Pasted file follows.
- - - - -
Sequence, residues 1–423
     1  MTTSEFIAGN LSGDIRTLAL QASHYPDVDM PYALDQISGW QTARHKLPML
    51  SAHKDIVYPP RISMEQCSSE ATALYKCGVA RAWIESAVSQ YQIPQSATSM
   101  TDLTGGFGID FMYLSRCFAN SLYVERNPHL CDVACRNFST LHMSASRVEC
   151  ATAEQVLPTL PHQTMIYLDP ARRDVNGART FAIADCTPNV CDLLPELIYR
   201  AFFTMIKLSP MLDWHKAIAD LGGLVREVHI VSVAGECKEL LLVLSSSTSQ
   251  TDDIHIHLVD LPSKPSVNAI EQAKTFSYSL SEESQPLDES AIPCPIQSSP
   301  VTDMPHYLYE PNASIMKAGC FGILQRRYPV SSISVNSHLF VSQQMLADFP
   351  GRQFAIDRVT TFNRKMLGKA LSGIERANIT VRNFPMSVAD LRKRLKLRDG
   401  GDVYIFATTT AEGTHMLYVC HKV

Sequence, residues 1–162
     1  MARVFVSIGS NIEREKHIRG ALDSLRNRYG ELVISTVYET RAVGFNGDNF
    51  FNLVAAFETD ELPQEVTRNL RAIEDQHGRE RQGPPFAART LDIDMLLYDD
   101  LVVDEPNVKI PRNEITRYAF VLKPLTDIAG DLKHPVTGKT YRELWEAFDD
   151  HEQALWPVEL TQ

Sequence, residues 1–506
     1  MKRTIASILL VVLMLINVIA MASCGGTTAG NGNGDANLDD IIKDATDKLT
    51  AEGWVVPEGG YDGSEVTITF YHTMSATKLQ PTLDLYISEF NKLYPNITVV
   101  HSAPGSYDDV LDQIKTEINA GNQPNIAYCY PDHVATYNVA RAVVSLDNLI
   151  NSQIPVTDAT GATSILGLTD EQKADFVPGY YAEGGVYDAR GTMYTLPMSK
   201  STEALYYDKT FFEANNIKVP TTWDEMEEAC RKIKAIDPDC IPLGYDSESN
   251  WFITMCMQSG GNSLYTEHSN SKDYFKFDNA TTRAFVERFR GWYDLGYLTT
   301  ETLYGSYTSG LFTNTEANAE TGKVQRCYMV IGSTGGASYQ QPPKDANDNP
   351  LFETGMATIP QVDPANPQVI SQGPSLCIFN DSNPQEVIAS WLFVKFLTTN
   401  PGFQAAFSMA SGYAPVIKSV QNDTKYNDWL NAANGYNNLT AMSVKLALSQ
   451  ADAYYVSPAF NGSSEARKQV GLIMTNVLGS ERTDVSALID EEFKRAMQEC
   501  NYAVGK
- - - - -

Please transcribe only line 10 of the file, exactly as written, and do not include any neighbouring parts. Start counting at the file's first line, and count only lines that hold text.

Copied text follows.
   401  GDVYIFATTT AEGTHMLYVC HKV